Homebuyers in the market for
affordable, technologically advanced housing realize that
manufactured homes can fill that need. There are approximately 22
million Americans living full time in 9.5 million manufactured
homes. A 2002 Owens Corning study, conducted by National Family
Opinion, found that 93 percent of manufactured home owners are
satisfied with their housing choice.
“Manufactured homes are becoming increasingly
appealing because of high quality construction materials,
architectural design innovations, enhanced amenities, ease of
maintenance, improved site options, and increased availability of
financing,” said Chris Stinebert, president of the Manufactured
Housing Institute, Arlington, Virginia.
Manufactured homes are more technologically
advanced then ever before. Homebuyers can chose from features such
as vaulted ceilings, walk-in closets, fireplaces, brand-name
appliances, and jacuzzi tubs. A variety of designs and features,
like bay windows, pitched roofs with shingles and gabled fronts, are
available to individualize the home's exterior. Manufactured homes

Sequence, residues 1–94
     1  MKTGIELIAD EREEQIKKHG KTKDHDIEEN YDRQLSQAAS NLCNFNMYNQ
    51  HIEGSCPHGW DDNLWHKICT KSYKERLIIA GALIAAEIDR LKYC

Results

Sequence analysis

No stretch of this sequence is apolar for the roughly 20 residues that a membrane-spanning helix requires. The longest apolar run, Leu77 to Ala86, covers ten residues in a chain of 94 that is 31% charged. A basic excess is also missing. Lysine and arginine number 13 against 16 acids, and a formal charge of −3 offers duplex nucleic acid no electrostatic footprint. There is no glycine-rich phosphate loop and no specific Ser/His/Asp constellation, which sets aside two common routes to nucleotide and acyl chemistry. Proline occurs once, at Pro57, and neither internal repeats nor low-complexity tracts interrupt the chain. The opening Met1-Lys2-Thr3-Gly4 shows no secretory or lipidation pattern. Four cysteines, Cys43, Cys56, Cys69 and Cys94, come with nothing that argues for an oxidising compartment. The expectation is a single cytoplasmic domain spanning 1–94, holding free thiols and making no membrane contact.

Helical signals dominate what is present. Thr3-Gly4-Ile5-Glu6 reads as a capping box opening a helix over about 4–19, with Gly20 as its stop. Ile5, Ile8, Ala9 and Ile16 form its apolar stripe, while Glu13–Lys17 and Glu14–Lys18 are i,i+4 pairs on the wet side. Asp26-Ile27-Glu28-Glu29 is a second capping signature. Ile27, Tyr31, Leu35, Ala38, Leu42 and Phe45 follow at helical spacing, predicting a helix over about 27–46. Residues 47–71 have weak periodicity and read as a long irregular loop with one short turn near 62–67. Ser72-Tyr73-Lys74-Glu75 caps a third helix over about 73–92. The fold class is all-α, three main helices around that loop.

can be designed to be compatible with almost any neighborhood. A
growing number of manufacturers are now giving homebuyers more
control over choosing the right floor plan and interior to fit their
Single-section homes are constructed to be 12
to 16 feet wide and up to 80 feet in length. Multi-section homes are
usually two or more units joined together, that can range from 24 to
32 feet wide and up to 70 feet in length. Different styles range in
size from 400 square feet to over 2,500 square feet.
Although single-section and multisection
manufactured homes continue to be the most popular, two-story and
cape cod models
are increasingly being purchased as well. New technologies in the
factory and transportation process have allowed manufacturers to
build two-story models that are becoming popular with home builders
and developers alike. More recently, manufactured homes in a pilot
program in Seattle, Washington were built as townhomes. The future for
homes built in the factory is limitless.
It is easy to see why so many manufactured
home owners are satisfied. Not only do they have choices, but they
get more home for their money. The buyer of a manufactured home with
custom upgrades can still pay less than the cost of a “standard”
site built home. Manufactured homes generally cost 10-35 percent